The next few days, I had trouble falling asleep. Just as I was about to nod off at 4 in the morning – yes, FOUR AM – the adhan (call to prayer) would be played over the loudspeaker again, and I would be roused once more, only to settle into sleep mode around 5:30 once all ten zillion mosques within a 30 mile radius stopped playing their staggered adhans, sounding like a zillion echoes in the distance, a cacophony of voices in my head. This happened almost every day until about a week ago, and I still have not gotten over jetlag, three weeks later.
I thought about people like my mother who have suffered from insomnia for years. If a heavy sleeper like me is having trouble, imagine how bad it must be for people like her. She shouldn’t have to go on sleeping pills, which can be dangerous, due to something that most of the world’s countries strictly limit.
The keyword is limit. I had never intended nor implied that I wanted the call to prayer banned. In fact, sometimes I even find it beautiful. However, it is anything but beautiful when it is blaring through a loudspeaker, causing your eardrums to reverberate the shahada for hours afterward, at four in the morning.
In recent years – literally the last few decades – mosques started amplifying their sound with loudspeakers to noise levels that didn’t exist at the time of the Prophet Muhammad. While I understand the necessity of loudspeakers to play over the sound of bustling traffic, airplanes, and general city noise during the daytime, in the early hours of the morning when you can hear a pin drop, the amplification is nothing but a nuisance. So I don’t oppose the call to prayer, indeed I feel it is an important part of the multicultural fabric that makes Jerusalem unique, I only take issue with the combination of the amplitude of the call and time it is played at, which I find extremely inconsiderate to the 90+ percent of Jerusalem residents who don’t wake up this early every morning to pray.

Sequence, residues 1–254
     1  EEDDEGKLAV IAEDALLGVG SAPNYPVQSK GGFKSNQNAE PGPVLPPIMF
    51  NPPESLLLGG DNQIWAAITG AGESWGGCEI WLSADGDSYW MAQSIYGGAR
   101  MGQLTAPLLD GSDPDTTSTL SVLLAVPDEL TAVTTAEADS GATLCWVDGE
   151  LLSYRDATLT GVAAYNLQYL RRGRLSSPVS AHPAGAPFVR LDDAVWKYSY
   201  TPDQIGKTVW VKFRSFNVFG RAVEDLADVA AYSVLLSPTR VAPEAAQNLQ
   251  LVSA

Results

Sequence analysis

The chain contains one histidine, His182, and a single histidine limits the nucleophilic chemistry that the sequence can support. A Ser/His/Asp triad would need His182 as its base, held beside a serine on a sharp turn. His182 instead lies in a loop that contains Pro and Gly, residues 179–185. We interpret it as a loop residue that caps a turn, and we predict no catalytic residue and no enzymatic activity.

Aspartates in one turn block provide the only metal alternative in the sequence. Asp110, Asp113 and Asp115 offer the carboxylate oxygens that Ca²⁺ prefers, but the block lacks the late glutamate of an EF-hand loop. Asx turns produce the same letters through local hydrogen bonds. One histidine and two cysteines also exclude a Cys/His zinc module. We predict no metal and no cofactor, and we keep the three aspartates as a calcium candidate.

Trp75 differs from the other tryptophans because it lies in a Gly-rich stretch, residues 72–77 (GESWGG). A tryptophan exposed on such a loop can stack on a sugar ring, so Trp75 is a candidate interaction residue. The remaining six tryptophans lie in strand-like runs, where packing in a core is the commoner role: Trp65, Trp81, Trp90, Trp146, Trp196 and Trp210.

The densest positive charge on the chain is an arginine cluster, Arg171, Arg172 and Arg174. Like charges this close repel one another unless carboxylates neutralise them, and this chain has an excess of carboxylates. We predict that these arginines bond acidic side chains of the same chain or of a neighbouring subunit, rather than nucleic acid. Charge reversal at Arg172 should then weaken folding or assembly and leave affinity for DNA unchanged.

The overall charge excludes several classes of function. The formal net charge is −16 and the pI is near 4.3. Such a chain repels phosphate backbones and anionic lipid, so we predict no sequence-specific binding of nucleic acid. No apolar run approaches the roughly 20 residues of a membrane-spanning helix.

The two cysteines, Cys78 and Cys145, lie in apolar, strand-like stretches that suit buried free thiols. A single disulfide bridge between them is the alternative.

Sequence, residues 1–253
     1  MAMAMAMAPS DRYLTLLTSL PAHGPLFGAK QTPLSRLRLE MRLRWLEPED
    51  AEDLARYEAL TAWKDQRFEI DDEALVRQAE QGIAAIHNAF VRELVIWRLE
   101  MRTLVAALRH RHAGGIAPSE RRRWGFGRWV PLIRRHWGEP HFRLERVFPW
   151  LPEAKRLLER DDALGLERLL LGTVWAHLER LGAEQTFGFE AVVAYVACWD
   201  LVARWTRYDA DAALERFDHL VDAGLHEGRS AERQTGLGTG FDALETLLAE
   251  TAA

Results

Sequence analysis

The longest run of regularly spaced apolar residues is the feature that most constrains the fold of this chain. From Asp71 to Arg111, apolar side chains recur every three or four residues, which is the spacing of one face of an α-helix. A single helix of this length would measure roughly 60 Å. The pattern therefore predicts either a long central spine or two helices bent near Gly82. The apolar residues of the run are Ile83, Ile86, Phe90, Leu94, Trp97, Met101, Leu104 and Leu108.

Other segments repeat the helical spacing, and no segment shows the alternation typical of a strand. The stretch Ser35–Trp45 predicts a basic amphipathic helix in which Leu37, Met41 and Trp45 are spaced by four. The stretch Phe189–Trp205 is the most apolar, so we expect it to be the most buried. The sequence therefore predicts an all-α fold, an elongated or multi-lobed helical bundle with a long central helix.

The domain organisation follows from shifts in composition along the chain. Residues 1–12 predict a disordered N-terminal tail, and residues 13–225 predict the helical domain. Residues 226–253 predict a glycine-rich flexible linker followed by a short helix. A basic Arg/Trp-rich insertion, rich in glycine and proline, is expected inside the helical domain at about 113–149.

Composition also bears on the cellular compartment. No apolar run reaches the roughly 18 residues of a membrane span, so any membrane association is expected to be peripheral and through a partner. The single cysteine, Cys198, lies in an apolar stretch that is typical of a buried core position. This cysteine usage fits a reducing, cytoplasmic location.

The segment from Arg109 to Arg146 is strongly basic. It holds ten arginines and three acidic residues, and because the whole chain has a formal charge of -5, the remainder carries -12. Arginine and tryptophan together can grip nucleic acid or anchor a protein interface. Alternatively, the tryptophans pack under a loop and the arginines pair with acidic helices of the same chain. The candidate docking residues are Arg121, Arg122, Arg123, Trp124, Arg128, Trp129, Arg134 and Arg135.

The problem can so easily be avoided, but religious freedom is a touchy topic in holy Jerusalem. The terror groups that control many East Jerusalem neighborhoods eagerly use anything and everything they can as ammunition to mobilize their people against the Jews. Cracking down on a phenomenon that could easily be solved with earplugs is not worth the risk, or so the Knesset has decided time and time again. But finally, the Knesset determined in the wake of that particularly loud adhan that enough was enough.
On November 7, rumors swirled that a handful of mosques in Jerusalem were told to tone it down. And this morning, the problem made its way to the Knesset.
“Prime Minister Benjamin Netanyahu said Sunday he supports a bill to bar mosques from using loudspeaker systems for the Muslim call to prayer, and pointed to similar restrictions in European and even some Muslim countries as justification for the move.”
As expected, this move was twisted into an outright lie to incite the Muslim world against Israel and Jews:
“The Muslims, the Jews, and the Christian are all suffering from this,” he said. “I can’t tell you how many times people have approached me, from all walks of Israeli society, who are crying out about the suffering that is caused by excessive noise reaching them from prayer house announcements.”
See how this totally mirrors my own experience? Bibi also doesn’t want to touch freedom of religion in this country. He wants to allow us all – Jews, Christians, Druze, and less observant Muslims – to have a good night sleep. This will mean turning off the loudspeakers, which is law in most countries where there are Muslims. That way, Islam can be practiced as the Quran intended: respectfully, without coercion, in a way that protects non-Muslims. And part of that protection means allowing me to get over jetlag, once and for all.